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Advanced Instrument Design and Maintenance

How to Clock Your Mouthpiece

Here’s an easy way to improve your brass performance and consistency.

Brass players are always looking for ways to be more consistent and to improve their performance. Not enough can be said about the value of hard work and practice, but there is a simple procedure that will improve your instrument’s response and tonal quality, in addition to helping players be more consistent. It does not involve any tricks or accessories, nor is it even difficult to do.

What’s the secret? Simple: Clock your mouthpiece.

Why Is It Important?

Your mouthpiece and the way it is set into a receiver has a large impact on how an instrument develops sound. Most players just take their mouthpiece, plug it in, and play. But how it is inserted in terms of its rotational position can make a big difference sonically … and that’s what “clocking” a mouthpiece is all about.

Let’s start with the basics. In a brass instrument, sound energy is created by the player buzzing into the mouthpiece cup. This energy then travels through the mouthpiece before entering into the instrument’s leadpipe. The rotational position of your mouthpiece will affect the amount of sound energy, response, and even the amount of harmonics present in the sound. In a favorable rotation, more of the sound energy is used to develop sound, hence greater efficiency; in a less favorable position, there is less efficiency, meaning that the sound energy is dampened. Dampening slows response, lessens clarity, and reduces the number of harmonics defining the sound, thus making it less bright.

For every player, there is a mouthpiece rotational “sweet spot.” When you find that sweet spot, you are discovering the most efficient way to play your instrument. Most musicians honestly do not know how well their instrument can perform until they discover the optimum mouthpiece rotational position via a procedure called clocking the mouthpiece.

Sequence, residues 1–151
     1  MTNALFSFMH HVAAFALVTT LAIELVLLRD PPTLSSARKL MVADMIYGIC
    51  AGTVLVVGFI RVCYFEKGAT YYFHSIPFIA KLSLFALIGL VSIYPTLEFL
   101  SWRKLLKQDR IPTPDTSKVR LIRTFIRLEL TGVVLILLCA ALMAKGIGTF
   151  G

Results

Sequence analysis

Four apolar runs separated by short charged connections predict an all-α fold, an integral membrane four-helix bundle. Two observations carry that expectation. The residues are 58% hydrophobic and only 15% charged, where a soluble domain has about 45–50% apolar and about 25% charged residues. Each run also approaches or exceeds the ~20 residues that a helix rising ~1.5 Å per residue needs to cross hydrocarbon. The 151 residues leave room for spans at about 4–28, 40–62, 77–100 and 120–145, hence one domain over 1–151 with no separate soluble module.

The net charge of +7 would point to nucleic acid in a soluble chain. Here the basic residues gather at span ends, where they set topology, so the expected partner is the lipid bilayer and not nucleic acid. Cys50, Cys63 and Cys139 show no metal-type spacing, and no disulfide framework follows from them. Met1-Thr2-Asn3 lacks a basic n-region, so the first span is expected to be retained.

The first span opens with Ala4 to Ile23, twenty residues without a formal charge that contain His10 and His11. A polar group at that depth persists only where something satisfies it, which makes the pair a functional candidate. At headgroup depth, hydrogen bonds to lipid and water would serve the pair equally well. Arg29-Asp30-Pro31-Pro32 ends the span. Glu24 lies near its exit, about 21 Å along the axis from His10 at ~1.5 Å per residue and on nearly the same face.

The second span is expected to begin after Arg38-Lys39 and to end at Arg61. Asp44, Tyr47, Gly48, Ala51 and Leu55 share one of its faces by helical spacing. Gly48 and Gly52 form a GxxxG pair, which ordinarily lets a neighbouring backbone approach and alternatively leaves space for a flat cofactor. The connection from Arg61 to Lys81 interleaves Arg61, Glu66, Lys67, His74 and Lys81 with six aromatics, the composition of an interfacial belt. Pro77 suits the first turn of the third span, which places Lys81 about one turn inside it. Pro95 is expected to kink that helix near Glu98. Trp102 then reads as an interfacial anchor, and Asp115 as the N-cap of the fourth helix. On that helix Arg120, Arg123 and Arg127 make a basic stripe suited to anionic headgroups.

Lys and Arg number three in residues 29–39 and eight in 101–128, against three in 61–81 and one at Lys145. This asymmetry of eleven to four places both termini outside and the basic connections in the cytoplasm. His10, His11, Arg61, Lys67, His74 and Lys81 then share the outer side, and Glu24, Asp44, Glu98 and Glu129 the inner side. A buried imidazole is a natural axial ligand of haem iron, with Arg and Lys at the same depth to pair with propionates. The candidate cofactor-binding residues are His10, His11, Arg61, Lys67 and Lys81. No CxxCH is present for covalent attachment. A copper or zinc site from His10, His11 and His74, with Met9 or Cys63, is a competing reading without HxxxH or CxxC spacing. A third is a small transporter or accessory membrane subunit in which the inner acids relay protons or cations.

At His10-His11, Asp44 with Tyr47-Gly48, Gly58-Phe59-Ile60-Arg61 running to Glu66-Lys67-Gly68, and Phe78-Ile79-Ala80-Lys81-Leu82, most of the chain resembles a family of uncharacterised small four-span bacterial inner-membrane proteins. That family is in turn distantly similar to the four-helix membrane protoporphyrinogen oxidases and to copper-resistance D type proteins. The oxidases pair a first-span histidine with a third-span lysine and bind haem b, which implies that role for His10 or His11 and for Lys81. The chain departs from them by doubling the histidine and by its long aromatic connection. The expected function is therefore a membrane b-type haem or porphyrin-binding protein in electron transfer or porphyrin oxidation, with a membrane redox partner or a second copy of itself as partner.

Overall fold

How to Clock Your Mouthpiece

Closeup of a mouthpiece for a brass instrument.The first step is to pick an identifying mark or stamp on your mouthpiece. This can be the first letter of the manufacturer’s name or a number that indicates the size. Next, you’ll be playing a short selection of music (such as a scale or étude) repeatedly as you rotate the mouthpiece to different clock positions. Start with your mark at the 12 o’clock position and play your selection, then rotate to the 3 o’clock position while paying close attention to the response and sound. (It can be helpful to have someone else listening during the test, as judging your own sound can be difficult.) Repeat this process, going between the 12 and 3 o’clock positions to understand the difference between the two. You will find that one position plays and sounds better. (Most players are surprised at this; even professional musicians often cannot believe there is a difference.)

Once you decide which one is better, continue the process, this time comparing between the 3 and 6 o’clock positions, then the 6 and 9 o’clock positions, and finally, the 9 and 12 o’clock positions.

Next, with your mouthpiece at the best rotational position you’ve discovered, try playing a musical phrase you find challenging. You should soon learn where you play the best — and, more importantly, which rotational position is the most difficult for you. No one purposefully sets out to make their instrument harder to play, but you may have been doing this inadvertently for years without knowing it!

We have found one consistent thing about clocking a mouthpiece: When a player finds a favorite spot, the next favorite spot will invariably be directly opposite (that is, 180 degrees away). Conversely, the two spots 90 degrees from the best one (i.e., a quarter turn left or right) are normally the ones that are harder to play.

The benefit in clocking your mouthpiece goes back to what we discussed earlier, about the way that sound energy is generated. Controlling that energy flow and maximizing its efficiency will enable you to play even better!

 

Click here for more information about Yamaha mouthpieces.



ABOUT THE AUTHOR

Wayne Tanabe is the senior technical manager for Yamaha Artist Services in New York City. He has been associated with brass instrument repair for the past 39 years, and founded The Brass Bow repair shop in 1983. With his former company Chicago Brass Works, he has also built a line of custom handmade trumpets. Widely recognized for his pioneering work in the field of brass instrument repair, Wayne has developed and refined the use of cryogenics, ultrasonic cleaning and magnetic dent removal, and has served as a consultant for instrument design and development of components for various manufacturers.

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